We generally avoid killing our birds, but I don't want to sell them or give them to unsuspecting people without warning. So if they are fine with an aggressive rooster, good, but that most likely means they'll eat him. I see it as my duty to warn people, one way or the other.
  8. Egghead_Jr

    Egghead_Jr Crowing

    Oct 16, 2010
    NEK, VT
    I'll never tolerate an ill behaved bird again. Not in the least. Have curbed dominant behavior before but those birds could not be near the kids only I was untouched when tending them. It's a hassle and you're always keeping an eye on the cock bird every time your in the run. Not a good place to be and once you get well behaved birds you'll not tolerate it in the least ever again. The most aggressive my current line gets is this spring, or maybe it was last year, one cock had a thought of stand off in peak breeding season when first let out of coop in morning. Not that he stood up to me but saw the start of it then hesitation then it backed away from me and called his hens out. y four year old is out with the birds a lot and when younger would run right through a cock's harem and they'd only eye him. I just keep a short leash on my boy during the peak of spring rut.

    Great birds are out there. Lines from breeders typically produce well behaved birds as human aggression has been bred out. Or local free cock bird (over 1 year old) with proven track record of behavior can be had from craigslist.
    Frazzemrat1 and StarCreekFarm like this.
  9. centrarchid

    centrarchid Free Ranging

    Sep 19, 2009
    Holts Summit, Missouri
    I have trained most back out of the aggression. It takes time. Instances I dealt with the birds are not genetically hard wired to be a problem, with some hatchery sourced and even some game strains there maybe a strong genetic component. A couple instances also involved spur management before training completed. I have small kids that do not like to be kicked as they say it. Some roosters have been culled in past for the aggression when I did not have time or other resources needed to deal with it. I have never given such a bird away since most people do not know how to or won's to work with such handful's.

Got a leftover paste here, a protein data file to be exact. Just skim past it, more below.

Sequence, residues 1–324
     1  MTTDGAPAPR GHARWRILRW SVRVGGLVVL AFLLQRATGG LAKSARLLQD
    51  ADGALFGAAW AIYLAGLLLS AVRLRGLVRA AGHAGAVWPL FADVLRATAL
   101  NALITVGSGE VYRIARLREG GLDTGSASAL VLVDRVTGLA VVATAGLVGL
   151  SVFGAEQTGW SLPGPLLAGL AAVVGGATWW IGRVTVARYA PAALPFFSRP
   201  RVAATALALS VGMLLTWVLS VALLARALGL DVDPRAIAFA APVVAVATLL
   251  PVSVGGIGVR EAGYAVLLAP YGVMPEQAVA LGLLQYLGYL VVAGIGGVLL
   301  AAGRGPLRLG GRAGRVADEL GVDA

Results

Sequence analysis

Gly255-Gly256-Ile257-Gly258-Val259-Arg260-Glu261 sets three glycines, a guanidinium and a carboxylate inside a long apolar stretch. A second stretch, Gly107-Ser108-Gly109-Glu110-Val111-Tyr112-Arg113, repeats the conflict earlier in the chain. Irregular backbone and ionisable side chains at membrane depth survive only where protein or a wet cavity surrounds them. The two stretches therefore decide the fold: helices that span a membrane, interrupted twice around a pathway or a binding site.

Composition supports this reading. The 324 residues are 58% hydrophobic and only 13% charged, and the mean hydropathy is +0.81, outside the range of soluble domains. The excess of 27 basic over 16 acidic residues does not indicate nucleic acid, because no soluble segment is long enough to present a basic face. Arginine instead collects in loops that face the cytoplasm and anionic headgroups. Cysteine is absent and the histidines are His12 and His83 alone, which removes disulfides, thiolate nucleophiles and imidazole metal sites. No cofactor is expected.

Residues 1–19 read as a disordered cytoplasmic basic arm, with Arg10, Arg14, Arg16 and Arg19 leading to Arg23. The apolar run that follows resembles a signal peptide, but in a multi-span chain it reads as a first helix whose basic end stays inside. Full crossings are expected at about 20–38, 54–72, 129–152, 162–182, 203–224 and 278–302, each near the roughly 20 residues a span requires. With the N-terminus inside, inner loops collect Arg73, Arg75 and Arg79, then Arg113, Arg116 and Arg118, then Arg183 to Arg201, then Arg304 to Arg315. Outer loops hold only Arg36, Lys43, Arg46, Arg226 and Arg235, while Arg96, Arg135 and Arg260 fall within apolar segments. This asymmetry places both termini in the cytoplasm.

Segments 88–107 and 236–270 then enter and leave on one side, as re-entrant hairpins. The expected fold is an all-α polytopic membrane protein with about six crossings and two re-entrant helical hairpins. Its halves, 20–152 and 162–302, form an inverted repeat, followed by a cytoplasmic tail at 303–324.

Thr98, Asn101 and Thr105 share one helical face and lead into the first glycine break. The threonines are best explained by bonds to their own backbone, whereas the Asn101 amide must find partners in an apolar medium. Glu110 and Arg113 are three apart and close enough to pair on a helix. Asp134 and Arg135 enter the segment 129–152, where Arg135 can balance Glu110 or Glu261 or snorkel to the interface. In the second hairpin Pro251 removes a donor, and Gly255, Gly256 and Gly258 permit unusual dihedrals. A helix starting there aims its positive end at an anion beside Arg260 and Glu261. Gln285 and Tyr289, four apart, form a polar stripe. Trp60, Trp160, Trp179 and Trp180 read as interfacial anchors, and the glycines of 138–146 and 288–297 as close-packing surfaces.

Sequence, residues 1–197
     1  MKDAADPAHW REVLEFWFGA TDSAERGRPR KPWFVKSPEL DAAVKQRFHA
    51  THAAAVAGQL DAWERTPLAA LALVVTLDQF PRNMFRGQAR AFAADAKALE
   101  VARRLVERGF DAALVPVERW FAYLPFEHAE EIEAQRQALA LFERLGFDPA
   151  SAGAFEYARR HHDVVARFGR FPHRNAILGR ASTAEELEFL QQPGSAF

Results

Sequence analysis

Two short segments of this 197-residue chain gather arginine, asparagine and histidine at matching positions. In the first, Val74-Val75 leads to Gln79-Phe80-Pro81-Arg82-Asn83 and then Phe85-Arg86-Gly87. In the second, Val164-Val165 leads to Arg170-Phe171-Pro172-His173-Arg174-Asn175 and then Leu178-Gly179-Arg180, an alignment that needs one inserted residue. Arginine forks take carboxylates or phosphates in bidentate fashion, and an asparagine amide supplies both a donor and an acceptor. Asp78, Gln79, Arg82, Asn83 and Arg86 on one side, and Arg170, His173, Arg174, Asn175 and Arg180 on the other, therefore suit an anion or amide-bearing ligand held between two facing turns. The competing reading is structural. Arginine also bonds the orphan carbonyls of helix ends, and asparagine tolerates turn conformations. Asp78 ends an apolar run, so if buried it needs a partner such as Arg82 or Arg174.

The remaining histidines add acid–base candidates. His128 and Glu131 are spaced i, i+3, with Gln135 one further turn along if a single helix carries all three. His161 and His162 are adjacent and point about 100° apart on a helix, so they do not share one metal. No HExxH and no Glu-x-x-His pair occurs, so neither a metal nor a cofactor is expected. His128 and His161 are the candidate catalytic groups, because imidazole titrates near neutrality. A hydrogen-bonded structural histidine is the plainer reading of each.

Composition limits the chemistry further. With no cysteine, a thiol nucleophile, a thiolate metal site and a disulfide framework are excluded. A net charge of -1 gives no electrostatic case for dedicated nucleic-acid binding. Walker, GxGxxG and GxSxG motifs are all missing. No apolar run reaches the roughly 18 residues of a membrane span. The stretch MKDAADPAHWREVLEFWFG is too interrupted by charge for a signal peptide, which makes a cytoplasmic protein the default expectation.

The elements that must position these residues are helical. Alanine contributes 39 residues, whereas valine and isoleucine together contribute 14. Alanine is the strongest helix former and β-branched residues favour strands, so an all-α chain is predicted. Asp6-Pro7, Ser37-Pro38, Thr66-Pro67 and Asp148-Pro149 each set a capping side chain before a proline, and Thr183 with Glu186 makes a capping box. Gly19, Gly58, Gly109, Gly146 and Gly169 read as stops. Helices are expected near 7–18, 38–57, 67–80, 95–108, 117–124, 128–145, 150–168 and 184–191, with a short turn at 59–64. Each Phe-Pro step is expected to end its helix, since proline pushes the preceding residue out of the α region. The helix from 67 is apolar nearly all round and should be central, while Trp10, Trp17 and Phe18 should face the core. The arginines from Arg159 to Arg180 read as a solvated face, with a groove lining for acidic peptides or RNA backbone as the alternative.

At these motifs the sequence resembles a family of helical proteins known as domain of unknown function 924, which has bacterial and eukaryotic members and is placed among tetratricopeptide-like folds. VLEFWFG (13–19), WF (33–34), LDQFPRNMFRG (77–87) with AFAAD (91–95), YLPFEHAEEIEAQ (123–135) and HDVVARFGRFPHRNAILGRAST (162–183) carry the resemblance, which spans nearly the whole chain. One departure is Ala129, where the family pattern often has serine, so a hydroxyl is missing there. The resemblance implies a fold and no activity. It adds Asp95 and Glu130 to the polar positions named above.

10. bobbi-j

    bobbi-j Crossing the Road

    Mar 15, 2010
    On the MN prairie.

    Yep, a change in the pecking order could give him more confidence which could result in aggression.

    Me too!

    You have three basic options. 1. You can keep going as you are, having a human aggressive rooster on your hands. 2. You can try "rooster rehab" if you really feel you want to keep him. 3. You can cull him. ("Cull" does not necessarily mean to "kill". It simply means to remove from the flock. In this situation, he'd be going into my crock pot. I would not give away or sell a bird this aggressive without full disclosure.)

    If you decide he's worth giving a chance, I would suggest you read the post below by Beekissed. I haven't tried rehabbing a cockerel this way, because it's how I treat them from the beginning. I haven't had to deal with an aggressive rooster (or cockerel) in a very long time, and I feel it's because of how I act around them from day one.

    If you decide he's not worth the risk, there is nothing wrong with that, either. There are plenty of nice roosters (or cockerels) around that could use a good home. You may even find you don't want to keep a rooster around at all.

    Here's Bee's post:

    "I'm going to give you a clue on "rooster speak"....holding him down doesn't mean anything to him. If you'll watch how roosters interact between dominant ones and subordinate ones, there is rarely any, if ever, holding a bird down for a long time when there is an altercation. There is very quick flogging, gripping by the back of the head and flinging him away or getting him down and giving some savage pecking to the back of the head or neck. No holding him down and nothing else. That's a rooster on a hen maneuver, not rooster on rooster.

    Because your rooster is attacking you, you are the subordinate in this picture. You are getting dominated by your bird simply because you are walking where a subordinate isn't supposed to be walking when a dominant is in the area. What you never see is a dominant rooster getting attacked by a subordinate rooster unless there is going to be a definite shift in power, at which time the sub will challenge the dom and win...or lose. So far you are losing and not even challenging.